Not quite 10% better in either category right? Oh contraire.
    Comparing the two the guy at 60% will take 2 hits in a row and 3 hits in a row almost half as much as the 50% guy. This is actually just picking up steam.

    60% -> 2 hits 16% -> 3 hits (.4)^3 = 6.4%
    70% -> 2 hits 9% -> 3 hits (.3)^3 = 2.7%

    2 Hits is even closer to half, and 3 in a row? We've surpassed it now.

    70% -> 2 hits 9% -> 3 hits (.3)^3 = 2.7%
    80% -> 2 hits 4% -> 3 hits (.2)^3 = .08%

    And scene.
    You can clearly see the need to 'diminish' returns as returns get silly good.
    This last iteration shows the 80% guy avoiding the double-hit more than twice as much and the triple hit less than a third of the time the other guy needs to take it.

    Definately there is a need to 'run the numbers' in scenarios, e.g. that helps you figure out where Crit is good IMO too. Going from never crit to every 10th/5th/3.x swing is a pretty significant for each 10% crit jump. But it continues to tail off as you go.

    Here is the reverse - it starts pretty slow if you have little avoidance, but it ramps up, getting stellar at high levels

    edit - part of the core of the 'DK drama' as the avoidance tank right, possibly even moreso for Death Nights
    [not a typo - Death Knight Night Elves ]
    Last edited by CKaz; 05-29-2009 at 10:12 AM.

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    As much as I loathe probability in real life it is a great point in the game, as that is what we want to rely on Avoidance for most, the holes in which we don't take damage that gives healers time to restore our health.

    Thanks for sharing that.
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    The Graph



    The Math Behind It

    First of all, I tried to simulate a simple gearing method that many people might use. I think the majority of MTís first focus on getting to 540 Defense to become uncrittable (689 Defense Rating). And then focus on Effective Health (Stamina and Armor), while picking up Avoidance where they can get it without sacrificing much Effective Health.

    Most pieces have Defense on them, and rarely do Effective Health-focused tanks go too far above the 689 needed for uncrittable. So to simplify things, I froze the amount at 689 for this model. I also took Agility out of the equation for simplicity, since there is not much available on tanking gear anyway.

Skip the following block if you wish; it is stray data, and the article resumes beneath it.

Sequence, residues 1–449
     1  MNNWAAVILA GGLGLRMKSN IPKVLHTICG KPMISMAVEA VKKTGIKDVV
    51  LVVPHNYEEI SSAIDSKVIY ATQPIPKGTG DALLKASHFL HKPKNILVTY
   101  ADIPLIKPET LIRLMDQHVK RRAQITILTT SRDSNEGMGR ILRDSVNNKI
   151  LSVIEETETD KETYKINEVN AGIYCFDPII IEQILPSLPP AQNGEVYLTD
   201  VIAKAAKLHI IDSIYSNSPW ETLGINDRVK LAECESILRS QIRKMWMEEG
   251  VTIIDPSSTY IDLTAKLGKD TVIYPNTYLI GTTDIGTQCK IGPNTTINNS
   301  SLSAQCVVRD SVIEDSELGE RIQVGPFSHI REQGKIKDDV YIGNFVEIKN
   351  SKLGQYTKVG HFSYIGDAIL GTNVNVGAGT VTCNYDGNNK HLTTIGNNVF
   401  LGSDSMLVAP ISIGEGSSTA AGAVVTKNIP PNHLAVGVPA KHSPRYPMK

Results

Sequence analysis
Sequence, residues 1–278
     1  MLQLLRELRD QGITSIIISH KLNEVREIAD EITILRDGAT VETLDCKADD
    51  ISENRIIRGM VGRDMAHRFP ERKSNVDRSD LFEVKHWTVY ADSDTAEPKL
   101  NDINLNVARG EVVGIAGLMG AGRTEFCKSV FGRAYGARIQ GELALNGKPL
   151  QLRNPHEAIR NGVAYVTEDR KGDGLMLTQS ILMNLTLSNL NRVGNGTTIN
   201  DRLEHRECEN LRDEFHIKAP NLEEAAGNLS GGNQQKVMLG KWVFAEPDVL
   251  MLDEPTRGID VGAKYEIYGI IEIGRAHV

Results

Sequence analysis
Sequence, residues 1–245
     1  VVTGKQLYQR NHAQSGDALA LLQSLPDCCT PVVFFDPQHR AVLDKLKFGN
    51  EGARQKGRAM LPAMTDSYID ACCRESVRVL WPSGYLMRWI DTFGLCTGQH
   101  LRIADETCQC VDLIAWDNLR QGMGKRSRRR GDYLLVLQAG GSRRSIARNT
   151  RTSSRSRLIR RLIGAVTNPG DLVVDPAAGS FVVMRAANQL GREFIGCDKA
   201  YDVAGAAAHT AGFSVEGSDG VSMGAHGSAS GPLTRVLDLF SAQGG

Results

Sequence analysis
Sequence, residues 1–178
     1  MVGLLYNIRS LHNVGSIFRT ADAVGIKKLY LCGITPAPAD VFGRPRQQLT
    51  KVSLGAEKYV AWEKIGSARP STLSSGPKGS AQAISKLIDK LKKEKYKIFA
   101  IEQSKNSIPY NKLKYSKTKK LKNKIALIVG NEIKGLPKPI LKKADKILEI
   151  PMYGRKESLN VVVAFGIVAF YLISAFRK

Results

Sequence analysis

That leaves Dodge Rating and Parry Rating as the variables. All else being equal, pieces with Dodge are favored over pieces with Parry, because Parry yields significantly less Avoidance per rating point. Parry gems are never used. But 8 Dodge/12 Stam. gems are often used in red sockets to pick up socket bonuses, especially since many socket bonuses yield more Stamina. However, many of the best tanking pieces have Parry on them, so you inevitably get some of it on your gear. My current gear has about 3 times as much Dodge Rating as Parry Rating, so I chose this ratio as my gearing up model.

    So... I started out with these variables...

    Agility_from_Gear = 0
    Defense_Rating_from_Gear = 689
    Dodge_Rating_from_Gear = 0
    Parry_Rating_from_Gear = 0

    And these constants...

    Naked Dodge = 5 from Anticipation talent + 4.96 base = 9.96
    Naked Parry = 5 from Deflection talent + 5 base = 10
    Naked Miss = 5
    Defense/Defense Rating = 4.9185
    Dodge/Defense = .04
    Parry/Defense = .04
    Miss/Defense = .04
    Base Dodge Rating/1% Dodge = 39.34799
    Base Dodge Rating/Agility = .01360
    Base Parry Rating/1% Parry = 48.18499
    Warrior Diminishing Returns coefficient = k = .956
    Warrior Dodge cap = c = 88.129021